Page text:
Posts Tagged ‘bullying’


As a schoolboy, Ben Smith was a victim of relentless and vicious bullying, which affected him so much that he attempted to take his own life twice. Carrying his experiences through to adulthood, he suffered from severe depression and a crushing inability to reveal his true self to others. His saviour was running.

So when Ben wanted to take on a challenge to raise awareness of bullying and also raise money for two anti-bullying charities, it was to running which he turned. The challenge he decided on was to run 401 marathons on 401 consecutive days. Yes, you read that correctly!

Selling his house and all his possessions to fund the project, Ben set out on his odyssey throughout the UK running a marathon every single day. It changed his life, but as news of his challenge grew, it also changed the lives of many others. People would turn out not just to support Ben, but also to run with him – sometimes the whole 26.2 miles, sometimes a portion of it. Several people ran their first ever marathon alongside him.

This books tells the remarkable story of the 401 challenge, and it’s an absorbing and inspirational read. Not so much a running book as a lesson that if you really want to achieve something – and you are prepared to work damned hard at it – you can and will do it. Rather than a day to day retelling, each chapters covers chunks of the time, and as well as Ben’s back story, which is told alongside the story of the marathons, there are contributions from his partner, family, friends and other people who ran with him or were inspired by him. This meant that as a reader we see Ben’s experiences through other people’s eyes, and see just what an effect it had on those around him.

It’s an honest account of the good times, but also the bad times – you simply cannot take on a challenge of that magnitude without it affecting you, and Ben is quite straightforward about the physical, mental and logistical issues which the challenge threw at him and his team. Ultimately though, this is always a story of hope, dedication and a little bit of craziness. Engaging throughout and thoroughly enjoyable whether or not you are a runner.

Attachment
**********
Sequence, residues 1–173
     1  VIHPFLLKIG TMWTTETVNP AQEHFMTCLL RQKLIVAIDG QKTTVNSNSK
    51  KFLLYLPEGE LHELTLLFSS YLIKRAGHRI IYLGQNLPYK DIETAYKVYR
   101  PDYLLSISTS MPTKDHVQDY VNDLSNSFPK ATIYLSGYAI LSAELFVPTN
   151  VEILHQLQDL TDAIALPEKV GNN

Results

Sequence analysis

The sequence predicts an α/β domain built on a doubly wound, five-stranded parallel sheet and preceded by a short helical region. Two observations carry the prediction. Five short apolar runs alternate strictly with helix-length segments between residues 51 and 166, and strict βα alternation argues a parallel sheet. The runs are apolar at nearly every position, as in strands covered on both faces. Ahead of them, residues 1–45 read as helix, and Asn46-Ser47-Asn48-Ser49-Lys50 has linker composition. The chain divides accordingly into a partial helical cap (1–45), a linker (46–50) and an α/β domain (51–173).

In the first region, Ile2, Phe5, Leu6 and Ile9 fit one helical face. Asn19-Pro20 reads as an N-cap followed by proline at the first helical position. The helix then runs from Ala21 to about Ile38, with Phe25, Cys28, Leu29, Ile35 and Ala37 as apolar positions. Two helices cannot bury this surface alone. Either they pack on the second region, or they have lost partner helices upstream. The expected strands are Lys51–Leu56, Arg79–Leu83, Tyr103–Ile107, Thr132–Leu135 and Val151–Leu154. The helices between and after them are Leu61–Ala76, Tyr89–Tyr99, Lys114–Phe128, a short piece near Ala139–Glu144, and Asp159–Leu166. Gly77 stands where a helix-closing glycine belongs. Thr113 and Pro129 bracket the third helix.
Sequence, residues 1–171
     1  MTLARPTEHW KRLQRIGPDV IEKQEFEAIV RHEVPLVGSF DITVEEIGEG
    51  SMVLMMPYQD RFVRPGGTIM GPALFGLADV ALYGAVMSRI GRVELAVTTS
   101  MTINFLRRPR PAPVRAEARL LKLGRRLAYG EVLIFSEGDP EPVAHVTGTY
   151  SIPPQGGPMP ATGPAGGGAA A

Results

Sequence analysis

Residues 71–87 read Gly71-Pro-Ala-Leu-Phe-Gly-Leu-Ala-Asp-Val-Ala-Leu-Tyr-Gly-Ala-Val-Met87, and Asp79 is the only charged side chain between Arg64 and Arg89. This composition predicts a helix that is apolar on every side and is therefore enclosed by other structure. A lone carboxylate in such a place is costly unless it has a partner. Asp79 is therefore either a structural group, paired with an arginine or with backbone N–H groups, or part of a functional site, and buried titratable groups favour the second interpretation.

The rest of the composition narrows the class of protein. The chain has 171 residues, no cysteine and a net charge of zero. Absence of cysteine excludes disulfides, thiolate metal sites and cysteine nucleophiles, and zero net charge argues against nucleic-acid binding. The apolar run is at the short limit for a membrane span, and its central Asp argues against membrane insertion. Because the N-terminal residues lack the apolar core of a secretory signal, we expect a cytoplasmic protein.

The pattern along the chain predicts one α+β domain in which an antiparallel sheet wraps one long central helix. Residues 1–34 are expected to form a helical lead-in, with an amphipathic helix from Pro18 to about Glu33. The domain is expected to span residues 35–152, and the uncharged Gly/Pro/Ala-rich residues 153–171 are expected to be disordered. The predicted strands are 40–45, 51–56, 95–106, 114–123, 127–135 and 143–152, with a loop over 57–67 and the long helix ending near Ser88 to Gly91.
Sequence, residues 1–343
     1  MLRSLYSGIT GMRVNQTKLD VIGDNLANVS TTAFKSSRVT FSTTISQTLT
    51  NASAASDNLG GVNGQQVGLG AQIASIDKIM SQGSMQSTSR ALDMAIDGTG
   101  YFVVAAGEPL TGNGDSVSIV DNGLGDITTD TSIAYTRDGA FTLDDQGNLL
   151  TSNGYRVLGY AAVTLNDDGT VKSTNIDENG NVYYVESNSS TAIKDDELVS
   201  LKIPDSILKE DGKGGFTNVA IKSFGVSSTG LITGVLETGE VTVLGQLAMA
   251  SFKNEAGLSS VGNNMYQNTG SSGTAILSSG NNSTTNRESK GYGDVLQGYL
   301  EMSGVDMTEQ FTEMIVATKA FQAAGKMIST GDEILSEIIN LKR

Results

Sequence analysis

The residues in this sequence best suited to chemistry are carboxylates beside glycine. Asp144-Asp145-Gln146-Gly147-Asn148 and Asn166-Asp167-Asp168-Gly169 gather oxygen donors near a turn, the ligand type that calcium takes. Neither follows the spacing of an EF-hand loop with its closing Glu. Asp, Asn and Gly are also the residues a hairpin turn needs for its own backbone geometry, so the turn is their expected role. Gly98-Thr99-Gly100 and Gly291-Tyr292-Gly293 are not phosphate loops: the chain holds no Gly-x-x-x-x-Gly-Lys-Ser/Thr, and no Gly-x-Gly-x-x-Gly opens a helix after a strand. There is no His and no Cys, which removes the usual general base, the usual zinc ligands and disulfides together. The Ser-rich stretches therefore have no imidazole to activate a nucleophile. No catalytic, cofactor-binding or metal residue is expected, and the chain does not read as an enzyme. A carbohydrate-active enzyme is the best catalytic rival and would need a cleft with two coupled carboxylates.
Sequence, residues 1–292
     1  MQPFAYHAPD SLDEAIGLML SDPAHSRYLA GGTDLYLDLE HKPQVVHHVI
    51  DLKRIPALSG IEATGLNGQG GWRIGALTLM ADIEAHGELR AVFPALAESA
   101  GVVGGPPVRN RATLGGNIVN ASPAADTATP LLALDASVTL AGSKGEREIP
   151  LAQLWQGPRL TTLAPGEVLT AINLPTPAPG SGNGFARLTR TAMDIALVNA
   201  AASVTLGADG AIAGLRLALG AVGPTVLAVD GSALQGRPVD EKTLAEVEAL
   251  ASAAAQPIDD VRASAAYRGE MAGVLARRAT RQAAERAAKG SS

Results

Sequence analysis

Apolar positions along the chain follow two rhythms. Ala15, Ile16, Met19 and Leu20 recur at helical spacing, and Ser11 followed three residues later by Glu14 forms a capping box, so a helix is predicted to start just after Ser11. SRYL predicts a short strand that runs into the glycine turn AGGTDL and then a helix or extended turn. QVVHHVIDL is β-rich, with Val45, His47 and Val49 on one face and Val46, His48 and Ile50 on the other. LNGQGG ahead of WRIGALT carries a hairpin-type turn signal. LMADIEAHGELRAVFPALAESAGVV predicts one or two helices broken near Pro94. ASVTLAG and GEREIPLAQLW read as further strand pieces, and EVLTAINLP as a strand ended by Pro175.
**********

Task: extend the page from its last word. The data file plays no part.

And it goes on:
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Emma O’Donovan is the girl every girl wants to be. She is clever, beautiful and the envy of her friends. Until the night that she goes to a party and her life takes a downhill turn. All of a sudden everyone hates her, she is classed as a whore and there are lurid photos of her all over Facebook. It’s made clear to the reader that what her friends and schoolmates initially consider to be her sleeping consensually with a group of men, was actually a group rape; however this doesn’t stop people taunting her and calling her all sorts of names.

Emma’s life falls apart when the case becomes public knowledge, her family start to split at the seams and people still blame her for what happened, and the book shows the aftermath of the terrible event.

I am in two minds about this book. I think it’s an important subject, and I quite like that O’Neill does not wrap everything up in a neat bow at the end, although I didn’t actually like the ending she chose to write. However, Emma is (I suspect intentionally) in the beginning at least, a deeply unpleasant young woman. She tries to get her friend’s boyfriend to fancy her, she is jealous of any girl who may be approaching being as pretty as Emma herself is and is unnecessarily unkind to people. None of this matters a jot – or at least none of it should matter a jot – of course when she is horrifically violated. What happened was wrong, full stop. The reaction of others was almost as horrific as the violation itself.